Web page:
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Looking to get more Google reviews? Whether a single-person shop, or a nationwide chain, here are 8 proven DIY product review generation strategies.
Anyone familiar with the way local search for business works nowadays knows that customer reviews are one of the most powerful online reputation management tools out there - and a major driver of Google rankings. Get more reviews for your business, and your local Google "pack" ranking will likely improve.
While everyone has to prioritize a focus on geo-specific reviews on sites like Google and Yelp, if you’re running a business that sells multiple products to consumers, you also have individual product reviews to worry about.
But never fear! There are plenty of do-it-yourself ways to drive up review volume. Whether you’re a single-person shop selling hand-knit clothing on Etsy, or a nationwide chain of camping supply stores, here are 8 ways to proactively start increasing reviews of your products. Let's start with the short version:
How to get more product reviews
There's nothing here bordering on "rocket science" territory, or requiring investment in a third-party solution - and that's the best part. Let's dig into each of these DIY strategies, to help get more reviews, in detail and to get you up and running. The long version:
Look, asking for feedback is awkward. Whether you’re trying out an experimental new scone recipe on your best friend or launching a brand-new luxury product. But research shows that a simple request pays off: 76% of customers who are asked to leave an online review actually do so. This statistic can not be overlooked. Ask and ye shall (usually) receive.
Here comes the "how". Many businesses solicit reviews over email, or while ringing customers up from the store, but leading-edge businesses are contacting customers via text. With open rates around 98%, this form of communication is direct and convenient, resulting in better engagement and almost always an increase of mission-critical customer reviews on Google and even industry-specific sites.
Time it right
If you’re going to request Google reviews and product-specific feedback from customers, make sure you do it when your product is most likely to be fresh in their minds. Specifically, aim to insert your ask at the moment an impression is made. For example, if your business sells vacuums, don’t jump the gun before they’ve even gotten home and had a chance to use the product. If you sell hand-pressed juices, you wouldn’t want to ask a customer to review your new flavor a month after they’ve tried it. Timing is never perfect, but it's always "everything".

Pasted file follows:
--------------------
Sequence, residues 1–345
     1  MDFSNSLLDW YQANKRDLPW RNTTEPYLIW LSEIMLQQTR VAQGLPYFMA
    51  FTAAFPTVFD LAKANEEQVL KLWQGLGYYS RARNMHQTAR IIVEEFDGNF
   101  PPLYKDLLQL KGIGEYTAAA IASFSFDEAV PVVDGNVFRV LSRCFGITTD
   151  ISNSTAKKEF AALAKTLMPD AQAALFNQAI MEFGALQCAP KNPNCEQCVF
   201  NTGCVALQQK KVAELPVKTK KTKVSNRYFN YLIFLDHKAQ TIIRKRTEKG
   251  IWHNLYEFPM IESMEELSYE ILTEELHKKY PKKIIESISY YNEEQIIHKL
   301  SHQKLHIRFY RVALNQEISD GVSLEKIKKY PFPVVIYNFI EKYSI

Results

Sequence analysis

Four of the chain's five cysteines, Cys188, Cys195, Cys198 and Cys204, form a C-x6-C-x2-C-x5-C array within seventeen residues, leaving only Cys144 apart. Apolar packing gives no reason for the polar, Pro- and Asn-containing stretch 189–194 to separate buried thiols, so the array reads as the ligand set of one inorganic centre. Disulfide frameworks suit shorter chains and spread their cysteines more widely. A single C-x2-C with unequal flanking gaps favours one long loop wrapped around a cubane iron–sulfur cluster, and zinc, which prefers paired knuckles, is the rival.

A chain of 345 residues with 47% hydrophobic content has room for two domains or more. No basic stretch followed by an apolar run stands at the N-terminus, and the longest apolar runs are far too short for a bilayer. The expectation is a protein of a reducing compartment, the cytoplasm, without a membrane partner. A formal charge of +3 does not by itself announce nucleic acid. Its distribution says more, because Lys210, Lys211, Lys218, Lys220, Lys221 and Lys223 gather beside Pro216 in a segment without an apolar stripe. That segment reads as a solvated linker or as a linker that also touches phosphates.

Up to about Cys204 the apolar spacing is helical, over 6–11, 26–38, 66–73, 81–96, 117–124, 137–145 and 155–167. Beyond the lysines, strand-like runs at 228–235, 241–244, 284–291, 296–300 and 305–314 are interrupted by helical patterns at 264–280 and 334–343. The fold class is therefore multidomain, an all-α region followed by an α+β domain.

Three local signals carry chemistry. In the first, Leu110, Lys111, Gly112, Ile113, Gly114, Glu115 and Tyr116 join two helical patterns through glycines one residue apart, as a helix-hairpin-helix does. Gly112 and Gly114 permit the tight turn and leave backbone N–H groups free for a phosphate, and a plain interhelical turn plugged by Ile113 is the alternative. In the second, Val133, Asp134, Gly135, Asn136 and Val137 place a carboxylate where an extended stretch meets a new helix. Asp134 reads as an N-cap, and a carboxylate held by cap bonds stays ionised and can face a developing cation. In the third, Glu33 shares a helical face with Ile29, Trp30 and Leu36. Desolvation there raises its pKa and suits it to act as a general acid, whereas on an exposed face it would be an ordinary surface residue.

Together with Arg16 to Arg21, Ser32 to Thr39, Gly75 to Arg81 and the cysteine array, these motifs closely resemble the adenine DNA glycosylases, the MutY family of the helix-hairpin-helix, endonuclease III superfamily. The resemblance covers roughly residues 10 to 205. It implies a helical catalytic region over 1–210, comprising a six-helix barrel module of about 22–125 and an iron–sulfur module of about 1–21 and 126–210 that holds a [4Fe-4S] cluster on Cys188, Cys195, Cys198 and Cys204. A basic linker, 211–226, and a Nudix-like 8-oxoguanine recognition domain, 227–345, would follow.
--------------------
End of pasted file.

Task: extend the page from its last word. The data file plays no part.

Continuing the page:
It’s also important to consider when it may be more convenient for that customer to write a review, and best practices may vary considerably depending on your vertical. In general, if you’re asking for reviews over text message or email, make sure to hit send at a time when your customers are more likely to have a moment to spare.
Studies show that people are 143% more likely to respond to a request sent over the weekend than one sent during the work week. Take some time to figure out when your customers are likely both happiest with your products, and most willing to take a few minutes to tell you about it. Then strategically work that "ideal" timing into your process.
Keep your staff in the loop
However you decide to go about requesting reviews, make sure to train your staff to do it regularly. Whether that means putting a link in your website footer you can quickly call out, adding links to everyone's email signatures, or asking in-person at the front desk as part of a transaction - consistency is key. Everyone on the team should know how you plan to increase Google reviews and how critical the practice has become to successful local marketing efforts.
Make it easy
Nobody - not even the happiest customer in the world - wants to click through a bunch of links to leave a review of a product. Many review sites can provide you with a link that will direct customers to leave a review on your profile in as few steps as possible.